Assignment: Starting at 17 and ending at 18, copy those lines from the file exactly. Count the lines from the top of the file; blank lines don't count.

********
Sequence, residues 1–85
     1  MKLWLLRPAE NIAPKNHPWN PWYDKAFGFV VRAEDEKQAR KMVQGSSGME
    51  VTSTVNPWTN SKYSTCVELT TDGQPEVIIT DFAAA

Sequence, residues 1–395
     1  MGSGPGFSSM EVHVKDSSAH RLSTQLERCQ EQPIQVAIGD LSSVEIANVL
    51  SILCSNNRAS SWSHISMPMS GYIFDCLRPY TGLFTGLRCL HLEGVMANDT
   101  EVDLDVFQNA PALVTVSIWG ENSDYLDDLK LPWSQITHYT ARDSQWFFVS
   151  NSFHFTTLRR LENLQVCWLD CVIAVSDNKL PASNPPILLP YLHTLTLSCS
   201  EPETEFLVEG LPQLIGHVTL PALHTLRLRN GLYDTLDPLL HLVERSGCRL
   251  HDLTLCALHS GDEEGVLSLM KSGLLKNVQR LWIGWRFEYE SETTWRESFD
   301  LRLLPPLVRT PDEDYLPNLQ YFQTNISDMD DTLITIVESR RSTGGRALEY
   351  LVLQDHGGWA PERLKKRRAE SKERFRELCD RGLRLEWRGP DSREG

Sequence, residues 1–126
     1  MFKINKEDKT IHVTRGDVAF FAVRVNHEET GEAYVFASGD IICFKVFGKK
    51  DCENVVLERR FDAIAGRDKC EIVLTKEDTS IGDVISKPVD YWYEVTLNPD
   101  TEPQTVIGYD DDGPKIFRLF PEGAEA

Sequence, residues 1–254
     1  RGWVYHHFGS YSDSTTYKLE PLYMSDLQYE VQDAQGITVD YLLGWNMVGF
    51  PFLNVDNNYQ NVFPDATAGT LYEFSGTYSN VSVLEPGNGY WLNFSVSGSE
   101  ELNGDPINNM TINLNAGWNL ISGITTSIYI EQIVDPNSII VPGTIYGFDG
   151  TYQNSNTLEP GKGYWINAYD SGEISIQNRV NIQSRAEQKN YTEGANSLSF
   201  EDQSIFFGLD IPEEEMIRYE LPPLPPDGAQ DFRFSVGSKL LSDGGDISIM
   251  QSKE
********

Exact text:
Sequence, residues 1–254
     1  RGWVYHHFGS YSDSTTYKLE PLYMSDLQYE VQDAQGITVD YLLGWNMVGF